We've already established in my previous tip that if your DNS infrastructure is damaged or attacked, your entire AD infrastructure will probably fail along with it. Protecting your DNS servers will require a multi-pronged
Next, consider implementing secured communications with DNS servers, monitor all network traffic, and re-evaluate the open ports on your firewall.
By encrypting all communications between DNS servers and all DNS clients (which includes not just end user clients but also AD DCs and member servers), it will minimize or eliminate the possibility of traffic interception and manipulation. One of the best ways to implement this is through IPSec. One of the primary benefits to IPSec in addition to encrypted data transmission is mutual authentication of both communication partners (i.e. the DNS server and the DNS client) through a PKI certificate based identity structure before DNS traffic is actually allowed. To implement such a plan, all DNS servers will need to have an IPSec policy of Secured Server (Require Security) or similar enforced. This will also require that all DNS clients have a Client (Request Security) IPSec policy or similar enabled on them. In this way, all DNS communications will be protected by IPSec but non-DNS communications (or at least communications with servers not hosting DNS servers) will not necessarily be protected by IPSec.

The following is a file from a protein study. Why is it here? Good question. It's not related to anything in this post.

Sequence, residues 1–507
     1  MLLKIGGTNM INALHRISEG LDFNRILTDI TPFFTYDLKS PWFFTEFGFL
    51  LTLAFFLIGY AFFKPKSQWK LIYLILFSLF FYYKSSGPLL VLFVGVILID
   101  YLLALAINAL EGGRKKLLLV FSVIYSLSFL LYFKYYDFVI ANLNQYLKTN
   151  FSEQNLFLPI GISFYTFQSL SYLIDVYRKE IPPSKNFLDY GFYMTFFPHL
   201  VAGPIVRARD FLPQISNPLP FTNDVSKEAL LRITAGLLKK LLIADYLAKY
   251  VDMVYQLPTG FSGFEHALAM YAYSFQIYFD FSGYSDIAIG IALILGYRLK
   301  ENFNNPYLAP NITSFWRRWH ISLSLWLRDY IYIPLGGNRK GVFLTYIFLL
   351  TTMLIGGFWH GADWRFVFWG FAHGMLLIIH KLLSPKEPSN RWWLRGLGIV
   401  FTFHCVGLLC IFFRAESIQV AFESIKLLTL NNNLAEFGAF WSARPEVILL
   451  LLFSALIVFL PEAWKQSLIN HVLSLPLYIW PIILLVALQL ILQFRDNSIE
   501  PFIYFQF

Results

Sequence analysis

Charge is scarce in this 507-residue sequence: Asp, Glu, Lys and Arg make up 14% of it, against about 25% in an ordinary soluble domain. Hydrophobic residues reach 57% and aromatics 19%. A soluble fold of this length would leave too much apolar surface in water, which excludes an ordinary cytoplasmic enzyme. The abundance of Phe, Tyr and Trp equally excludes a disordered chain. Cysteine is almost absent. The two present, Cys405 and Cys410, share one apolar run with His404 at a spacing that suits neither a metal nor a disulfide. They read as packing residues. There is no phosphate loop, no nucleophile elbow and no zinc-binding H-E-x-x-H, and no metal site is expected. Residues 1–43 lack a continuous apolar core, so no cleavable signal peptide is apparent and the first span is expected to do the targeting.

The implementation of IPSec across all systems will cause a measurable decrease in the performance of network communications due to the overhead of encrypting and decrypting communications. However, the increased security should more than compensate for the slight reduction in throughput.
In the next tip, I'll discuss the other two options for improving DNS security on an Active Directory network.
James Michael Stewart is a partner and researcher for ITinfopros, a technology-focused writing and training organization.
This was first published in July 2004